View Full Version : Frustrated by poor past maintenance

09-26-2010, 07:01 PM
I need some suggestions on how to best go about fixing this little menace of a problem if anyone feels like reading all of this:

The background for this is that for the last year or so I have had a very slow oil leak on the 88 alltrac which I never bothered to track down. The last couple of months it increased considerably and I started getting noticeable amounts of oil smoke from under the hood and finally tracked it down (as well as I could tell) to the area under the turbo dripping oil onto the downpipe and exhaust.

I got into it yesterday after picking up the gasket kit from Toyota and I'm pretty much certain the leak is from both the oil return connection on the bottom of the turbo and the oil feed connection from that flexible pipe/hose that joins it. On that feed connection I found a mess of two paper gaskets sandwiched on both sides and between them with red silicone. The return line connection on the turbo itself has no gasket whatsoever, just unevenly applied silicone.

The problem is that I'm stuck at this point. I can't get the oil hardline off in order to put the gasket on the main connection to the turbo. What I did in the past on MR2s and the 90 Alltrac was simply remove the turbo assembly and lift it off the hardline, or simply remove those two studs from the turbo an slip the gasket between. Unfortunately someone previously stripped the ends of the studs that you can normally use a 6mm socket to remove and I can't get a different tool like vise grips in the space available. So I"m back to needing to remove the turbo.. but here is why I'm stuck there:


Those are two examples of the bolts I'm finding everywhere. The shorter one was just loose and sitting in the hole behind the heat shield on the turbo elbow connection. The longer one came out with much trouble from the elbow. The third elbow to turbo bolt I can't get out because they forced it in at an angle and there is now no room to get a normal socket around it (the head is recessed in the iron of the flange and crooked). I shifted to the catalytic converter connection to the elbow. One of the four spots was the proper stud and nut, and that nut came off fine, but two others were generic bolts like those pictured above and they simply snapped off. The fourth is unaccessable to me due to the front-rear crossmember.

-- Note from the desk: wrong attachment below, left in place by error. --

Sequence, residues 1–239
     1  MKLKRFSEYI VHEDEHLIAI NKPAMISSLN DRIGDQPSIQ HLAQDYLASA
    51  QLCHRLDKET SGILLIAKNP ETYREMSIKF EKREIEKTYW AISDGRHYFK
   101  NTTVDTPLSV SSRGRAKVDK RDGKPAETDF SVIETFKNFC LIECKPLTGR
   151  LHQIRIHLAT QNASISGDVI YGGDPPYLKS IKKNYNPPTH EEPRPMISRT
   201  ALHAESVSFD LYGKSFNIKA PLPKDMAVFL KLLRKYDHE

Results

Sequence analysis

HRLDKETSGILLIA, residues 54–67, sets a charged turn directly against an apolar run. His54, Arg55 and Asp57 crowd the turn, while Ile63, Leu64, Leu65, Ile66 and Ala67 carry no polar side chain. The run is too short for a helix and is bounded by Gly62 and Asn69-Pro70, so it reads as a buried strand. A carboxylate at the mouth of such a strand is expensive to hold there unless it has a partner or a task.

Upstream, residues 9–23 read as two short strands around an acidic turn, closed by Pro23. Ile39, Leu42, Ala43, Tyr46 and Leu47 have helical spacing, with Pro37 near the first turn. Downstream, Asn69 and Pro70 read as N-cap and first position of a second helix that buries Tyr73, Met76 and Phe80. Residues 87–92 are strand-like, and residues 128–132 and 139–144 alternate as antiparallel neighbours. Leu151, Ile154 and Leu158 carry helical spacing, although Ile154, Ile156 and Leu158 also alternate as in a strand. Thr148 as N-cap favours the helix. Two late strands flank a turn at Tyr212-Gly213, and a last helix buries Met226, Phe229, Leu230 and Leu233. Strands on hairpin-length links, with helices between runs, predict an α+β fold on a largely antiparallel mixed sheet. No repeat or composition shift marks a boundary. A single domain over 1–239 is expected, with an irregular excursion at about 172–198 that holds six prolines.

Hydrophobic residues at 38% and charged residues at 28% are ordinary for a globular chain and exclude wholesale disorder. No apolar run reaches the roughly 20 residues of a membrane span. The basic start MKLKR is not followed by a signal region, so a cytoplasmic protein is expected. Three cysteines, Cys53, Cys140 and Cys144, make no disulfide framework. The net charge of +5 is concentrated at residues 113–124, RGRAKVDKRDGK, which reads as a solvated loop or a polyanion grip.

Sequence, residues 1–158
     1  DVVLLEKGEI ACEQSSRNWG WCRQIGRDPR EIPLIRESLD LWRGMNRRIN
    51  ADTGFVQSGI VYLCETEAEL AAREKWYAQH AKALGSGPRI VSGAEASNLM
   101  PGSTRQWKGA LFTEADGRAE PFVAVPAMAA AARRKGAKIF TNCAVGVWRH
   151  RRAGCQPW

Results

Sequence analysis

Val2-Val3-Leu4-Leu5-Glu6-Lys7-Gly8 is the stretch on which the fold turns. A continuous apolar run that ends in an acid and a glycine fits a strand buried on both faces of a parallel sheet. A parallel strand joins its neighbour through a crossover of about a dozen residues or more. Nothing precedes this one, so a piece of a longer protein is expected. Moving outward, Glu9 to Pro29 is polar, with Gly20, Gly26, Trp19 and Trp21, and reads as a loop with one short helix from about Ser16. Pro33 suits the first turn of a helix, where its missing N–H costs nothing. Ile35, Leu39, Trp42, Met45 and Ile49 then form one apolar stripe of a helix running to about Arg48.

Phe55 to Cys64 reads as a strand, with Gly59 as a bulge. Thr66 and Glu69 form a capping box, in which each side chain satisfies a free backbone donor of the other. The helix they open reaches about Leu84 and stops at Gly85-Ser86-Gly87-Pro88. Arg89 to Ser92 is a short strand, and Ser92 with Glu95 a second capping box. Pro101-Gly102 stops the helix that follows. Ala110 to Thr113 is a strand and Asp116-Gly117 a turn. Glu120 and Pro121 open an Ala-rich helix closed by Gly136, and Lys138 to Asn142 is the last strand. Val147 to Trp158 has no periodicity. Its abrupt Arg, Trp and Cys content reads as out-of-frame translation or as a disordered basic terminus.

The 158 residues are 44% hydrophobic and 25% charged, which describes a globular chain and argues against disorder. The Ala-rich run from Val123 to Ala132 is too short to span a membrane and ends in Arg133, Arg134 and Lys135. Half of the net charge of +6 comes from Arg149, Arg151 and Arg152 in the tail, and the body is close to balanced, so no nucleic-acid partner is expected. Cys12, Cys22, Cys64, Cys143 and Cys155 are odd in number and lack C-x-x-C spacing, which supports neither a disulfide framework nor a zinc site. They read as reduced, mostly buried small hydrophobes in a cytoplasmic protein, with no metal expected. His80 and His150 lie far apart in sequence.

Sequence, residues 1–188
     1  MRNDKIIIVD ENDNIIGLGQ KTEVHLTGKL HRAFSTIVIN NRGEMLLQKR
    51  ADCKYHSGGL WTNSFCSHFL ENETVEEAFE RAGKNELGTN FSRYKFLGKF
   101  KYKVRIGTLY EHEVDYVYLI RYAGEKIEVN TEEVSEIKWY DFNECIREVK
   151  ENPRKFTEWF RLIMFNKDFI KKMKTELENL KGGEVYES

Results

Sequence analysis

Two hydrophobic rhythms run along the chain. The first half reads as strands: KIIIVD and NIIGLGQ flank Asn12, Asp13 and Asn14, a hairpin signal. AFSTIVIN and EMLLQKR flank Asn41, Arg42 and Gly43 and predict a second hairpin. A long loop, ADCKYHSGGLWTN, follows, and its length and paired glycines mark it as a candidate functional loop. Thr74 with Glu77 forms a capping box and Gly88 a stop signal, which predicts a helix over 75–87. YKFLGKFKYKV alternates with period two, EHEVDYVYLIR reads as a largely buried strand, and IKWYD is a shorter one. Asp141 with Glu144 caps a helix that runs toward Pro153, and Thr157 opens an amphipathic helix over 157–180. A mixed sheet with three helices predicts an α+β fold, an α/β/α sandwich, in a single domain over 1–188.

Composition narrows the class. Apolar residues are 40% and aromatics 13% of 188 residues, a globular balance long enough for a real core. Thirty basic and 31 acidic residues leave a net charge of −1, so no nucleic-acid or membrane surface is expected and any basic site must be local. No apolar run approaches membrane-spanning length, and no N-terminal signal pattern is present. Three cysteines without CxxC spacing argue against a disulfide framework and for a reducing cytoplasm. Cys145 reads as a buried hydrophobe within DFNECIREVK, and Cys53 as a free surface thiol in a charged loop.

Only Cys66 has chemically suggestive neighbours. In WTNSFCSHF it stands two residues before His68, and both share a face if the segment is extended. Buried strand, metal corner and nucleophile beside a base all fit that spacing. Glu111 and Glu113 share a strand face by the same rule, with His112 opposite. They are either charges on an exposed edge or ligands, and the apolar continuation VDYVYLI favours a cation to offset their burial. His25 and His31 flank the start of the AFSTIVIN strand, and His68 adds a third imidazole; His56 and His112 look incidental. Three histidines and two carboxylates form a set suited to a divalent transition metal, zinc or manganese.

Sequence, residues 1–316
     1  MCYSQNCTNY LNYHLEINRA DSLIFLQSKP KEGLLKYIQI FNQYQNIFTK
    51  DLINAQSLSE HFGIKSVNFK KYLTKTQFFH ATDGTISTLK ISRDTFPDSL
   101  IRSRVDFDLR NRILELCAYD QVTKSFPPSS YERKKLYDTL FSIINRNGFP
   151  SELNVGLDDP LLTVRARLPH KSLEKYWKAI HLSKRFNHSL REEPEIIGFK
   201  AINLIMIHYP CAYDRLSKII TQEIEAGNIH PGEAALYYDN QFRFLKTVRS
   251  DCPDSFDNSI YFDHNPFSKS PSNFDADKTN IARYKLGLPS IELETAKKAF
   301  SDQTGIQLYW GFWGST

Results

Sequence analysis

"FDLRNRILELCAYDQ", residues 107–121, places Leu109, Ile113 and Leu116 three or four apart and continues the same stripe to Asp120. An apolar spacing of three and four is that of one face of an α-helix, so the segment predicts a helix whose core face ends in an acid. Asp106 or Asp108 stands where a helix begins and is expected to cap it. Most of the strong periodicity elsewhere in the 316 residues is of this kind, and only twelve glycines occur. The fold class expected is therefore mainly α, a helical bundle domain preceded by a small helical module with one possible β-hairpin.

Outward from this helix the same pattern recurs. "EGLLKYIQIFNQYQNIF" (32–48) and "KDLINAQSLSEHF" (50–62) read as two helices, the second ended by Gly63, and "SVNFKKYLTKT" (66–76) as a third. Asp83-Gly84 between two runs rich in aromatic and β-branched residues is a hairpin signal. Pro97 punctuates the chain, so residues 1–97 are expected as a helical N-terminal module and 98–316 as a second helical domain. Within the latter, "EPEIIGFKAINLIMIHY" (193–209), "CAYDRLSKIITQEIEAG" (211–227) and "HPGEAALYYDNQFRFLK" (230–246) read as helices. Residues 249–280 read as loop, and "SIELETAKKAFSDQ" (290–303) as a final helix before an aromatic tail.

Removing the turbo from the manifold is no-go because another of these improper bolts is forced into one of the four holes and it is also crooked and takes extreme force to turn. I'm afraid if I manage to force these bolts free I won't be able to reconnect things without trying to retap cast iron and use other fasteners and in some cases have to drill them out.

What I have tried to get around all of this is double up nuts on the oil return/feed studs but there isn't enough length of stud to get them on securely enough for that to work. Finally, I tried JBKwik to simply secure the nuts to the studs and use them to turn the studs out of the turbo. It is supposed to cure in 4 hours, but after 15 hours it just broke the JBKwik and turned the nuts off easily. I don't have access to an actual welder, and even if I did there's no room in there to weld, even if I pulled the radiator out.

Sorry for the very long explanation, but I wanted to catalog what I've tried and where I'm at now to try to get the best solutions at this point. I do not consider squirting silicone in the gap and putting it all back together to be a solution. That's the kind of half-assed work that has led to the problem in the first place.

09-27-2010, 02:16 AM
Meh, never mind. I sort of have managed to work around it. I manhandled the hard line down far enough to clean the surfaces and slip the gasket in. So I've gotten the return line hooked up.. now I just have to get the hard line side of the feed hooked up to the flexible portion that goes to the block. What a pain in the neck.

Please people, for the love of all that is holy, use the correct fasteners and gaskets when you work on these cars. Future owners and even you if you never sell it will be eternally grateful.

09-30-2010, 03:06 PM
wow that sucks. sounds like someone used an air gun assembling the turbo assembly and no gaskets what-so-ever. shade tree mechanic? shop that had no clue what they were working on? just a random lazy ass?

09-30-2010, 05:24 PM
Well for future reference, if you ever need to get a stripped bolt out...


As far as the manifold, if you had my luck you'd break the bolt off inside the head at which point the best thing to do would be to take the head off and bring it to a machine shop that can drill it and tap it back in a straight line.

09-30-2010, 07:23 PM